But whatever you think about the substantive matter at hand, it's offensive on just about every level that this decision is being made by Congress. DC voters are American citizens. They voted overwhelmingly to legalize marijuana. In any other jurisdiction, that vote would be respected. The Justice Department has backed off now that Colorado and Washington allow recreational sales and use. But Congress has decided that DC citizens are not worthy of the full rights of American citizenship, and that their votes can be nullified by people who don't live in DC and weren't elected by district residents.

Yes, DC isn't a state. That was a mistake in the original Constitution, one which Congress voted overwhelmingly to correct by passing the District of Columbia Voting Rights Amendment in 1978 (the states failed to ratify it). You don't even need a constitutional amendment though; the current plan of statehood advocates is to redefine the "District of Columbia" as various pieces of federal property in DC (the US Capitol, White House, Supreme Court, National Mall, etc.) and admit the rest as a new state, "New Columbia," by a simple majority vote of Congress, just as every other state has been admitted. (You'd probably want to repeal the 23rd Amendment to avoid giving the First Family 3 electoral votes, but that's a technicality.)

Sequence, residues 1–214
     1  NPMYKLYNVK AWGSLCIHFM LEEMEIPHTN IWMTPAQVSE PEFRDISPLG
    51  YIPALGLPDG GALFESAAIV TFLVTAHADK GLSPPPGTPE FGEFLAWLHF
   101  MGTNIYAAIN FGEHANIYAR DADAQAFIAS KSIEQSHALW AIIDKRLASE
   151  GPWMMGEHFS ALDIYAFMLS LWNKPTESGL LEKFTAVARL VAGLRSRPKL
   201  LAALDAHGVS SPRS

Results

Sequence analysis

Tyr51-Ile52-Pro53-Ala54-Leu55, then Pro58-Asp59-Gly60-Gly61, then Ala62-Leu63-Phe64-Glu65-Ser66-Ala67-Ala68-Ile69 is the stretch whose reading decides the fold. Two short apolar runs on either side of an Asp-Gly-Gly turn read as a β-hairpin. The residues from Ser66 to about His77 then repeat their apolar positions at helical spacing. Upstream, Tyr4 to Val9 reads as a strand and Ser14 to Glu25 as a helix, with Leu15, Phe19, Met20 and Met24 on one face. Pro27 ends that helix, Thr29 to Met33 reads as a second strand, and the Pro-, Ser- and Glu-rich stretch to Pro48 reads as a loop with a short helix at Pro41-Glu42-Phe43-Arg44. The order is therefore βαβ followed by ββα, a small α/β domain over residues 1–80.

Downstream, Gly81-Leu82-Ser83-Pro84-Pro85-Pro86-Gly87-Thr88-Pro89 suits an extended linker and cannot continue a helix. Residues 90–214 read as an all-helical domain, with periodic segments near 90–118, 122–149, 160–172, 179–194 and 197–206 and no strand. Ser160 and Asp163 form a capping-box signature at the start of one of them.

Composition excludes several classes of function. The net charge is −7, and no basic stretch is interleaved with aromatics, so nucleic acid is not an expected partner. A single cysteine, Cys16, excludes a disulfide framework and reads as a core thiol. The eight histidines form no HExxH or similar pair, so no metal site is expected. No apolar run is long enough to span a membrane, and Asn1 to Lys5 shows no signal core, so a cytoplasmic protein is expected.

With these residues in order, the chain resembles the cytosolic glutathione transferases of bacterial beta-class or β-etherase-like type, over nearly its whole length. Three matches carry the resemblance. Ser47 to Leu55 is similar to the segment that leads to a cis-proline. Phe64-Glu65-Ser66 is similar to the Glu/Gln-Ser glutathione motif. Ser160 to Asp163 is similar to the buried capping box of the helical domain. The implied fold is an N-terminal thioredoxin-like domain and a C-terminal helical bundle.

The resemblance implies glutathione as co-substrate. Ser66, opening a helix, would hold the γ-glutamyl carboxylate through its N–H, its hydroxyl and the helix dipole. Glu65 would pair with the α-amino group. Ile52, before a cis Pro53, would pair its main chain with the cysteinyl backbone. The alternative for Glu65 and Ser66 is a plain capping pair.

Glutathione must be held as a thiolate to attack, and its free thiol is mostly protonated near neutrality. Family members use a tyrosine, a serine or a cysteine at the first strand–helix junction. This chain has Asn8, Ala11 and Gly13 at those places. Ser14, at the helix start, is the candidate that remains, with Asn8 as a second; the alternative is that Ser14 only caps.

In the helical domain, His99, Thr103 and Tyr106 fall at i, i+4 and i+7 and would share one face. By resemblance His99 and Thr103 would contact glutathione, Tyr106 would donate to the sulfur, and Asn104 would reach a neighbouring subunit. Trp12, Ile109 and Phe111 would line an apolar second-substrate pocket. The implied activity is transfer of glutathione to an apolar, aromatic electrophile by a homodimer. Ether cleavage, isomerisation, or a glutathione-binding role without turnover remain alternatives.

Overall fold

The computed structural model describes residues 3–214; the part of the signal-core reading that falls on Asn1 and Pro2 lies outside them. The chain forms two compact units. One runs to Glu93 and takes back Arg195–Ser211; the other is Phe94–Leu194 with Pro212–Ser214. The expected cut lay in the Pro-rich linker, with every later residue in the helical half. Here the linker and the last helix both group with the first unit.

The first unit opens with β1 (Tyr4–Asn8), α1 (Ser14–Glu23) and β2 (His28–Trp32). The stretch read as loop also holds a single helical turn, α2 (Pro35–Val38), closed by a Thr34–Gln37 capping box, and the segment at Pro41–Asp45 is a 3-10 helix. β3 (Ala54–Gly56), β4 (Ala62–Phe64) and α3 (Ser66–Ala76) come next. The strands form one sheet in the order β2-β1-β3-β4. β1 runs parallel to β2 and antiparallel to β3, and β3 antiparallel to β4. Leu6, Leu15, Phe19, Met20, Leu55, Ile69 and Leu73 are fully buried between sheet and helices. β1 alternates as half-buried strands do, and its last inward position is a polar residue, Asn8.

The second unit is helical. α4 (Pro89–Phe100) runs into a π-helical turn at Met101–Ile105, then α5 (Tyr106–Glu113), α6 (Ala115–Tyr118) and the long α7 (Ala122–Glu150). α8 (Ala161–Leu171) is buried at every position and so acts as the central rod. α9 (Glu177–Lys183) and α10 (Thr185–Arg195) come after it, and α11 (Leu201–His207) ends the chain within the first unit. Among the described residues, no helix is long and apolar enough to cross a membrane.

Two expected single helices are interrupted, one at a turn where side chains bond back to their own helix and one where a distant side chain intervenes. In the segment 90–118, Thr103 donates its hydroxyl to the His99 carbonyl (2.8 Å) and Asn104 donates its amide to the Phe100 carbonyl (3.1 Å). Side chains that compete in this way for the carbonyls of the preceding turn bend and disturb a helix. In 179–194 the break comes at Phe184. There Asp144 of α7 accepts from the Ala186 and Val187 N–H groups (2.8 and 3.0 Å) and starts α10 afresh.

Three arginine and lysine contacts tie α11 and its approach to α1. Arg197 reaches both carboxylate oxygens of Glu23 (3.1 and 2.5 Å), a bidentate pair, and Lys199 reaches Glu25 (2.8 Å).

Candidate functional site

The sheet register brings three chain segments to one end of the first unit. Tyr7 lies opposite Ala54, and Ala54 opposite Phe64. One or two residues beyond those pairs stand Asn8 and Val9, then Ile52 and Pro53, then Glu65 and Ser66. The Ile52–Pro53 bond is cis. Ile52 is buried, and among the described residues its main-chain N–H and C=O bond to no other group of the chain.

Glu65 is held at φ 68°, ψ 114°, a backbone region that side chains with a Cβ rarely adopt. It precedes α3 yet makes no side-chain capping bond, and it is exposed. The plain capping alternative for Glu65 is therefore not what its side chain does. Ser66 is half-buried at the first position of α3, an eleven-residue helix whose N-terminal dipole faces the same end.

The terrible excuses for DC's non-statehood

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Rep. John Mica (R-FL), seen here holding a fake joint, thinks the DC Council will improve as the city gets whiter. (Chip Somodevilla/Getty Images)

Opponents of statehood have their reasons, none of them good, and most of which imply we ought to deny statehoods to a whole battery of existing states. It's bad to give the people staffing the national government representation? Well, no, they're human beings with rights, but even if that were a bad idea you'd need to disenfranchise much of Maryland and Virginia too. DC leaders are too corrupt? They're certainly less corrupt than RodBlagojevich or George Ryan, yet Illinois statehood is somehow not in question. It's too small a state? It's bigger than Wyoming and Vermont. It's controlled by a single party? So what?